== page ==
Recall Daniel Drezner's comment (I quoted it a few posts down) about an incompatibility between some elite universities and blogs. The Economist article points to one reason for this, citing a study that suggests "the internet's ability to spread knowledge beyond university classrooms has diminished the competitive edge that elite schools once held. Top universities benefited from having clusters of star professors. ... The faster flow of information and the waning importance of location - which blogs exemplify - have made it easier for economists from any university to have access to the best brains in their field. That anyone with an internet connection can sit in on a virtual lecture from Mr. DeLong means that his ideas move freely beyond the boundaries of Berkeley, creating a welfare gain for professors and the public." Such a person can do more than sit in. She can contribute.
The article concludes: "Universities can also benefit from this part of the equation. Although communications technology may have made a dent in the productivity edge of elite schools, productivity is hardly the only measure of success for a university. Prominent professors with popular blogs are good publicity, and distance in academia is not dead: the best students will seek proximity to the best minds. When a top university hires these academics, it enhances the reputations of the professors, too. That is likely to make blogs more popular."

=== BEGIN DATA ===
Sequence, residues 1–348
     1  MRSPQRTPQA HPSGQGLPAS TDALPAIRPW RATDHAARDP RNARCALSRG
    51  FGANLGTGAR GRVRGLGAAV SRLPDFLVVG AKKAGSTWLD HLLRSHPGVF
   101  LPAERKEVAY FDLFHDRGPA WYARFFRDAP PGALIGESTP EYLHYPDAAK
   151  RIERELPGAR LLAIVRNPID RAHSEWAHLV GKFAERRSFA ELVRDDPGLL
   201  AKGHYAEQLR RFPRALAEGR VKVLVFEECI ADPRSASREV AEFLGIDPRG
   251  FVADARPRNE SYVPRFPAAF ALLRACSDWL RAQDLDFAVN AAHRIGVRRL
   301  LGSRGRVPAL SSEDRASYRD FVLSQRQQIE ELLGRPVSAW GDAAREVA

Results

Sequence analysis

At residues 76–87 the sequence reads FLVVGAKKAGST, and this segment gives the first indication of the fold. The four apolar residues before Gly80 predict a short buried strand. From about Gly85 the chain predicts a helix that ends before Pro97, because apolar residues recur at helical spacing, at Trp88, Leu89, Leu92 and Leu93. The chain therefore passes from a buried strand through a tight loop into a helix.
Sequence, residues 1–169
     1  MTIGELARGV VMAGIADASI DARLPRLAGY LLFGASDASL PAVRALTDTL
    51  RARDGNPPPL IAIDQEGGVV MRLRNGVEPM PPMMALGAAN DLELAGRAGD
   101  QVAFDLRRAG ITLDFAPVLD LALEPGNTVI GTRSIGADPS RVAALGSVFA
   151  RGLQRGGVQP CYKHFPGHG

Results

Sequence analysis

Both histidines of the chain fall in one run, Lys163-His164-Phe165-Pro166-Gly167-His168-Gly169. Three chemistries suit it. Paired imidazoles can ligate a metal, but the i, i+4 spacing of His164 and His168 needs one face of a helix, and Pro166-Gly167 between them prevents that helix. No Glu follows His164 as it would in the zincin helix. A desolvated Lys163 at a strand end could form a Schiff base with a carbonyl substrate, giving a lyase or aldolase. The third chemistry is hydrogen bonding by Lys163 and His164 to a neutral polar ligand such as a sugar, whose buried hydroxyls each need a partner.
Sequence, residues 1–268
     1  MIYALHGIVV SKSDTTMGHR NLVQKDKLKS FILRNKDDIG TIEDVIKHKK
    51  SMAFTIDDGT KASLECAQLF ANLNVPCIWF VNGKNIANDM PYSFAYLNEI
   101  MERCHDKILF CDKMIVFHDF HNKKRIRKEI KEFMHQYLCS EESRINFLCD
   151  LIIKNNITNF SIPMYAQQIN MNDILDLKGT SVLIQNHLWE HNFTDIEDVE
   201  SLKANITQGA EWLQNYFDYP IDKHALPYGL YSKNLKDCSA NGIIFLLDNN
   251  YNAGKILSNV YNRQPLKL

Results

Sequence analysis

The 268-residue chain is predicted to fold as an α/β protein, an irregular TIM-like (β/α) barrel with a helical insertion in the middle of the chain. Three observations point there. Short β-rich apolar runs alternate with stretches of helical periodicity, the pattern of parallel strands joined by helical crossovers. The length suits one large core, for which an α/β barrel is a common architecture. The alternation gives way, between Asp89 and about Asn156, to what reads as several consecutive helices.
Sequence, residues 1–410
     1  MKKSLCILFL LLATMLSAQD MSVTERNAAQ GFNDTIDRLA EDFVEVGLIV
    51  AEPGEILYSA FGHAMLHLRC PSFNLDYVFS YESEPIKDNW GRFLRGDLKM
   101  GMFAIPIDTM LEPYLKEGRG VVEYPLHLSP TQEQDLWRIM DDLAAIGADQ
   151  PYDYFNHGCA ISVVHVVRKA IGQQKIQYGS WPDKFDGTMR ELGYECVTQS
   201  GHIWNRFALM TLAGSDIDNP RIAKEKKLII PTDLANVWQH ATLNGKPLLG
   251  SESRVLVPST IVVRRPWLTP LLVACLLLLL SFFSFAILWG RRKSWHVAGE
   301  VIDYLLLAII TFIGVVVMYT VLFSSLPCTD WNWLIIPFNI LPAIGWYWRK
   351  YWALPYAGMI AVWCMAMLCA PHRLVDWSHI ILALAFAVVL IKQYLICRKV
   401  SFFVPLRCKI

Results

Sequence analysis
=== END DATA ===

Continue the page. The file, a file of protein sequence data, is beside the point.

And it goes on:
Anti-blog types - Ivan Tribbles - ignore serious blogs because of their socially democratic, institutionally reformist energies. Tribbles dislike the look of the emergent intellectual landscape.
Thursday, August 10, 2006
I'm at Stagecoach Coffee, in hyper-well-tended Cooperstown, New York. Ms. and Mr. UD pride themselves on the fact that they've been here dozens of times and never entered the Baseball Hall of Fame.
Still, they like to look at everyone on the street duded up in their team's uniform. It's an intriguing contrast with the other town they always visit upstate: Woodstock.
We've gotten a string of spectacular August days and nights at our house in the hills.
I'm keeping track of comments to various UD posts whenever I get a few moments alone with a hotspot, as here at Stagecoach. But I don't have time to think and respond, or to write much of a post either -- that'll have to wait until our return to DC on Monday.
Tuesday, August 08, 2006
UD's Friend Phil...|
...sends her this, by John Sutherland in the Guardian:
I teach part of the year at an American elite scientific institution, Caltech, where my classes are very un-elite Englit. I mentioned in passing to a "Techer", as they call themselves, that in my country universities were closing down departments of chemistry.
"Something very ugly."|
Well-meaning but rather vague opinion piece on college sports in Inside Higher Ed. But read the comments. They're the real thing.
Sunday, August 06, 2006
The New York Times introduces Daniel Drezner, and then quotes some of his comments in a recent Chronicle of Higher Ed: